Interview by Tom Lanham
When lissome-voiced singer Megan James first teamed up with inventive keyboardist/percussionist Corin Roddick in their native Edmonton, Alberta two years ago to form a cutting-edge electronic duo, they settled on a somewhat controversial band name: Purity Ring
. Ask James why they chose such an odd — and kind of creepy — moniker, and she chuckles wickedly. “I’m glad you think it’s creepy — I don’t think most people do,” she says. “But we never really talked about why we chose it — we just both agreed that we liked it, like ‘Yeah, this sounds like a good band name! Let’s do it!’” But wouldn’t this make an online search for the group decidedly difficult, with fans being bombarded with info on chastity-vowing jewelry instead? “Not any more!” declares Roddick. Ever since their dazzling new 4AD
caught on, he says, “We’re overtaking the Google ‘Purity Ring’ search — we’re winning the battle against the Jonas Brothers!” That Google balance should shift even further, thanks to pulsating new single “Fineshrine,” with a surreal video that resembles Jean Cocteau directing The English Patient
PureVolume: So you guys met in Edmonton?
Megan James: Yeah — a long time ago. We just knew each other through playing music and through mutual friends. We knew what each other did, and then eventually we started working together.
PV: And you were both in a band called Gobble Gobble?
MJ: Yeah. Which is now called Born Gold. But neither of us ever wrote music for it — it was our friend’s project and we just helped with the live show.
Corin Roddick: I played drums for them for a couple of years, but Megan was only in the band for about a month. But it was during that time that we definitely got to know each other better and decided that we wanted to play music together some day.
PV: What were you imagining, sound-wise?
CR: I wasn’t really picturing anything — I was just picturing good music. I wondered what would happen if I tried my hand at producing music on my own. And then after that, I was like, "You know, this would probably sound quite a bit better with vocals. What would happen if Megan sang over it?" And then it was like, "How are we gonna fit Megan’s voice with this?" We didn’t have a set plan, so we were just pleasantly surprised by everything along the way.
PV: The first song you worked on together, “Ungirthed,” sounds like vintage OMD.
CR: I don’t really know what that means.
PV: Orchestral Manouevres in the Dark?
CR: Oh, okay. I’ve heard of them, but I’m not familiar with their work. But they kind of sound like “Ungirthed”? Wow! I’ll have to check them out. I’ve never heard that reference before – that’s cool.
PV: Megan, as a fashion-school grad, weren’t you launching your own clothing line when Purity Ring started?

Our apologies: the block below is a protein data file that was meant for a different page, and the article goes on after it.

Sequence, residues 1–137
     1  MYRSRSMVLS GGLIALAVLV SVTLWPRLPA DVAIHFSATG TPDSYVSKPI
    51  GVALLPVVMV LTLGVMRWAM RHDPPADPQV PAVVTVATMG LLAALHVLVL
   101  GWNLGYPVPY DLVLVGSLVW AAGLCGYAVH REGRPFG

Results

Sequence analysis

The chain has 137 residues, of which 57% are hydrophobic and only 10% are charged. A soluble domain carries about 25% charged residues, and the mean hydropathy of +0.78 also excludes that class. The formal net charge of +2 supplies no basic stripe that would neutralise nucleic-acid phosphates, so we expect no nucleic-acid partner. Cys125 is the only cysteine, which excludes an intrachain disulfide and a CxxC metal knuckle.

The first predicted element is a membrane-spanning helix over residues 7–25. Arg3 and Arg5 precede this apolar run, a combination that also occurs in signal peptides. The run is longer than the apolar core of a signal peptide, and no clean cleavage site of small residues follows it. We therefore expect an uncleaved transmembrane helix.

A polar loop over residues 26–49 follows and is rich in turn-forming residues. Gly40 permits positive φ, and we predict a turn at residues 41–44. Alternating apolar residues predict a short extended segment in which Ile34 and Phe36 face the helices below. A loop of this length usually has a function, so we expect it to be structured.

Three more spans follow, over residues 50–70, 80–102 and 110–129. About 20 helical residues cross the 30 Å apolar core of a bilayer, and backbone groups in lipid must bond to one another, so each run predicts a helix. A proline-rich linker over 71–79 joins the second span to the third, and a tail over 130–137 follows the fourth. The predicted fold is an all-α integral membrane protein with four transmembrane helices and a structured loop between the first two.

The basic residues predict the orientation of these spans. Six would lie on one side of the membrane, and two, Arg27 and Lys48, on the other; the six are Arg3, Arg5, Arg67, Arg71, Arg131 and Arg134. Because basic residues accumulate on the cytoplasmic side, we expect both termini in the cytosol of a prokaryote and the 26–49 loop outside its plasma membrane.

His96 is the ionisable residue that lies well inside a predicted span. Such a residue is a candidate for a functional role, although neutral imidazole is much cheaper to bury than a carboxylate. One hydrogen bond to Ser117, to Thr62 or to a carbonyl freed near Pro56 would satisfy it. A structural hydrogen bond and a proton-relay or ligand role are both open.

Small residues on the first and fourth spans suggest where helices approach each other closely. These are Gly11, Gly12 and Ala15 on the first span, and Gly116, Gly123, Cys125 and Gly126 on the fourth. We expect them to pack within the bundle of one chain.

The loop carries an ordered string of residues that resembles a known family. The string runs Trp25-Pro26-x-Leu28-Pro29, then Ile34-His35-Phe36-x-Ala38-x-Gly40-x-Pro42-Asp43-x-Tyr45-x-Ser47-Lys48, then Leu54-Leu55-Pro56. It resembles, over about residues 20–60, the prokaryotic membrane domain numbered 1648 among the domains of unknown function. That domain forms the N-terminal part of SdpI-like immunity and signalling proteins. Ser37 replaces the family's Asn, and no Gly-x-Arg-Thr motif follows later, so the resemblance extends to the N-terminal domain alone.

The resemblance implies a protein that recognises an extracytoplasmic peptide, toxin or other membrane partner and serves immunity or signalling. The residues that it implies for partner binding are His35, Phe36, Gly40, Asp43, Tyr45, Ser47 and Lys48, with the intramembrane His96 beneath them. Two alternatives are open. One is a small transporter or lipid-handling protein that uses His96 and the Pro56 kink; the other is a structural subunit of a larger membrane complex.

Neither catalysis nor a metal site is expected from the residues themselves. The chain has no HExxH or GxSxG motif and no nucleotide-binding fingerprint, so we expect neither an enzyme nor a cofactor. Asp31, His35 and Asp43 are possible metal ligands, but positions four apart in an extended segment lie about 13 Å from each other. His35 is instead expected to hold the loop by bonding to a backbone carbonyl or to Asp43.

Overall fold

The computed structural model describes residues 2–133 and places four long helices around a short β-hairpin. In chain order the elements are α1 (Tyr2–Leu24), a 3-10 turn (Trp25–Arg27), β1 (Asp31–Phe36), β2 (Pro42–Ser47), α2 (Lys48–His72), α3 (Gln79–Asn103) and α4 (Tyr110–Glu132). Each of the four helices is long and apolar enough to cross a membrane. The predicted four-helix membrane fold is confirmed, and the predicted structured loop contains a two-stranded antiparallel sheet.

MJ: Yeah. That’s what I try and do the most when I’m at home. I mean, you can’t just be one thing — you’ve gotta have a few projects, right? Or just another passion. So I do sort of have my own line. It’s not an established company or anything yet, but I do have a name for myself among friends and acquaintances, at least. And lately. I’ve been making a lot of jeans, which I’m getting better at. I’m not quite there yet, but I’m really excited about that right now.
PV: What sets one of your designs apart?
MJ: Uhhh…. It looks shitty! Or really scrappy!
CR: That’s not the truth, actually. She’s made a lot of cardigan sweaters that are really cool. Her stuff is just comforting to be around.
PV: Why haven’t you ended up on “Project Runway” yet?
MJ: I hope that never happens. I want to just build a fan base of people who know of my work, and who can appreciate it. But I do not wanna go on TV for it — I don’t like competition, you know? That’s not what I’m doing it for. Fashion on TV? That doesn’t make any sense!
PV: But you do design Purity Ring’s stage wear and concert backdrops, right?
MJ: Yeah, I make clothes for both of us, and we do wear them often when we play. But usually it’s something we can wear anywhere, and I put on a dress — I actually dress up.
CR: The clothes Megan makes for me to wear onstage are not just for the stage — I’ll wear the outfit all day and then wear it onstage, too. They’re just interesting day-to-day clothes that also are very comfortable to wear onstage.
PV: Speaking of design, Corin, you created your own Christmas-tree like instrument with lights, right?
CR: Yes. We used to call it The Canary, but I often just refer to it as The Instrument. It’s a series of lanterns that are all touch-sensitive, and I play them percussively, with mallets. Each one connects to a synthesizer, so I can perform all the melodies to the songs by hitting them, and that also causes the lantern to glow in a certain way. I’m not really comfortable playing keyboards – I’m much more of a drummer, so it’s a lot easier for me to be hitting things with sticks. And we also think it’s really important to have a visual connection with the sound we make, so it’s really nice to play a melody and see these lights light up and glow with the sound.
PV: Are there nights when The Instrument gets uppity?
CR: Oh yeah. It’s an ongoing battle with that thing. And since I built it myself, it’s very DIY and sketchy. So before most shows, I’m always testing it and changing things a little bit, or repairing little bits of it.
MJ: That’s the nightmare of electronic music. He’s always like, "Oh no! It’s not working!" And then I’ll play with it a little bit, or he’ll mess with it, and he’ll go, "I don’t know what I did. But it’s working again!"